in the Wylex range at TLC, for example.)

- use an RCD connection unit to protect the socket spur in the
outhouse.

- use an RCD connection unit to protect the whole of the outside
circuit. Presumably I could install this near to the CU inside
my house rather than in the outhouse?

I have also come across 'RCBO's. I understand that these are a
combination of RCD and MCB but I don't really understand what that
means - e.g. if I installed a 32A RCD in my consumer unit wouldn't
that break the circuit when the current exceeds 32A? So what does the
MCB element of a RCBO give in addition? This may be moot anyway as
there don't seem to be any RCBO's available for the Wylex CU.

Thanks for any help.
 
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O

Owain

| I have a question on how I should protect a circuit to [attached shed].
| I would like to get some power to the outhouses. This would be to:
| - provide lights inside the outhouses (I'm going to use the coal shed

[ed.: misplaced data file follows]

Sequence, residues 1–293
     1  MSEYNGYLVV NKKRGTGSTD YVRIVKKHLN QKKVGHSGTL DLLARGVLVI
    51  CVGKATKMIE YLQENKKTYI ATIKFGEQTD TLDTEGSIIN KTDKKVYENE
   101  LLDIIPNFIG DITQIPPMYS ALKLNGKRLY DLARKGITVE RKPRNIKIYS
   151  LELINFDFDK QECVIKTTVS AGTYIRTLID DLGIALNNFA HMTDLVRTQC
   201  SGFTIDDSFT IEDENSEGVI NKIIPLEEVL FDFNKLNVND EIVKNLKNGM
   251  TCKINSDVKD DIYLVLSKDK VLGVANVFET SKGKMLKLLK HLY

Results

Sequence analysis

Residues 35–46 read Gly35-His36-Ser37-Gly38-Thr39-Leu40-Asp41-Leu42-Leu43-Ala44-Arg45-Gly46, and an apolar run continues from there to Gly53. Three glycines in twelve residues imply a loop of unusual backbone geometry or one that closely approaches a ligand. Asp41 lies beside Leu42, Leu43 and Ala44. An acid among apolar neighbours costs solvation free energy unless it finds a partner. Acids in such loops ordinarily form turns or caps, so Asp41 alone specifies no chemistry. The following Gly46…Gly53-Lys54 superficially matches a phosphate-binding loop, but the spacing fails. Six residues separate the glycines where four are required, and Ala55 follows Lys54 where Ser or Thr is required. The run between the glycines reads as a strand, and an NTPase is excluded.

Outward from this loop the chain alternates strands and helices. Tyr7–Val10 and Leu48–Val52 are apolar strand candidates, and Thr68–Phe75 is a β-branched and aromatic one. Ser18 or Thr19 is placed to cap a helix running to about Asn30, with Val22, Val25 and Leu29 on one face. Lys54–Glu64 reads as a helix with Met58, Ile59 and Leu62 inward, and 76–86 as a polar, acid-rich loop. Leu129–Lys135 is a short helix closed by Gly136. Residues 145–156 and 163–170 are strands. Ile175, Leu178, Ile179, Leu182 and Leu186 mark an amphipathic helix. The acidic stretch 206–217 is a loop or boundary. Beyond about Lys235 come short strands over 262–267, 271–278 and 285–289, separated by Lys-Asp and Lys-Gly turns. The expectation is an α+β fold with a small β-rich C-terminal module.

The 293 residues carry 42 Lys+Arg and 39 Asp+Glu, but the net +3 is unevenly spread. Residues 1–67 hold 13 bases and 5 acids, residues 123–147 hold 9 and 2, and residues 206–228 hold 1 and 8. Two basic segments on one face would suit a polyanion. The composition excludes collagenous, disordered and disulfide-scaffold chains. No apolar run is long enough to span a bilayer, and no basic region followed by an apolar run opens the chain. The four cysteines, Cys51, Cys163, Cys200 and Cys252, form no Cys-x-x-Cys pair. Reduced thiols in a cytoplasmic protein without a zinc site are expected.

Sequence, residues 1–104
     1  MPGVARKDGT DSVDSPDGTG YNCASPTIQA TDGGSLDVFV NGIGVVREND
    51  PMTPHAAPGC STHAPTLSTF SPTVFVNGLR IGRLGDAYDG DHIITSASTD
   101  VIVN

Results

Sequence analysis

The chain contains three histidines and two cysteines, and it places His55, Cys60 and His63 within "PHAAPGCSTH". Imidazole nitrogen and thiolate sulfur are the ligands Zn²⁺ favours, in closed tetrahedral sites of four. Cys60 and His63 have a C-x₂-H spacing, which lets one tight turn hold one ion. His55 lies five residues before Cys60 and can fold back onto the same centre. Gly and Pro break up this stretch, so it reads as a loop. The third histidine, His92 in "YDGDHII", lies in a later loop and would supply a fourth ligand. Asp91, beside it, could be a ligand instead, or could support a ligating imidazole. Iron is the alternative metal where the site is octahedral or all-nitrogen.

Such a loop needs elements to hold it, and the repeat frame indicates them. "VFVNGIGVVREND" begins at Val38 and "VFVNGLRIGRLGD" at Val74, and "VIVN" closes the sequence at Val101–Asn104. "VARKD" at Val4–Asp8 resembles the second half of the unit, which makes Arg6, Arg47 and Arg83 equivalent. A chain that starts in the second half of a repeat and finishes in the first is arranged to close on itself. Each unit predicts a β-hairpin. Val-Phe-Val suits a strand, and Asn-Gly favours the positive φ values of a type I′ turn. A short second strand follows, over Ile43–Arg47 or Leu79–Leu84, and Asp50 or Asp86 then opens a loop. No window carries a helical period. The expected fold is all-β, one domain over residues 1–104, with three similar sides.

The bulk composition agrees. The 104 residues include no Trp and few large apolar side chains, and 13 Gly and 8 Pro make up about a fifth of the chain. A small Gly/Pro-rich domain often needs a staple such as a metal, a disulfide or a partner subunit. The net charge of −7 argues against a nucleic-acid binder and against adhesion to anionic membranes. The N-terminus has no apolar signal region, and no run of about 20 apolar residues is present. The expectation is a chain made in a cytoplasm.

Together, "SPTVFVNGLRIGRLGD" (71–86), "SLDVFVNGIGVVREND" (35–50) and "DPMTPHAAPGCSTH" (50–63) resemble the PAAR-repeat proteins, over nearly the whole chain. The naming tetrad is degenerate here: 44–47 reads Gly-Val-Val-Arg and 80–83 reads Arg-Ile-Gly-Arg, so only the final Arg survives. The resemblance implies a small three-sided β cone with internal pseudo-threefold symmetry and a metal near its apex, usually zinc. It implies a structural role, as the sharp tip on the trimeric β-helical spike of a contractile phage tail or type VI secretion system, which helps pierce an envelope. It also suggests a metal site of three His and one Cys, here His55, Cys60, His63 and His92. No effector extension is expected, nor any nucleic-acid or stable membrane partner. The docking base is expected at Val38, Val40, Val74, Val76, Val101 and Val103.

| as a storage cupboard)
| - supply the power for a couple of outside lights
| - power an outside socket to be placed on one of the walls of the
| outhouse.

Only the outside socket *has* to be RCD protected.

| Anyway, the cable is modern 2.5mm T&E so that gives me the basis of a
| 20A radial circuit. My plan is to use a junction box to spur off to
| the socket and to a 5A FCU for a lighting circuit that will comprise
| the lights inside the outhouses and the exterior lights (note: these
| *aren't* going to be the high-wattage security types).

All fine.

| I'd like some advice on the best way to protect the circuit. The
| consumer unit is a relatively modern Wylex with MCBs and the whole
| thing is RCD protected (I gather this is not considered a great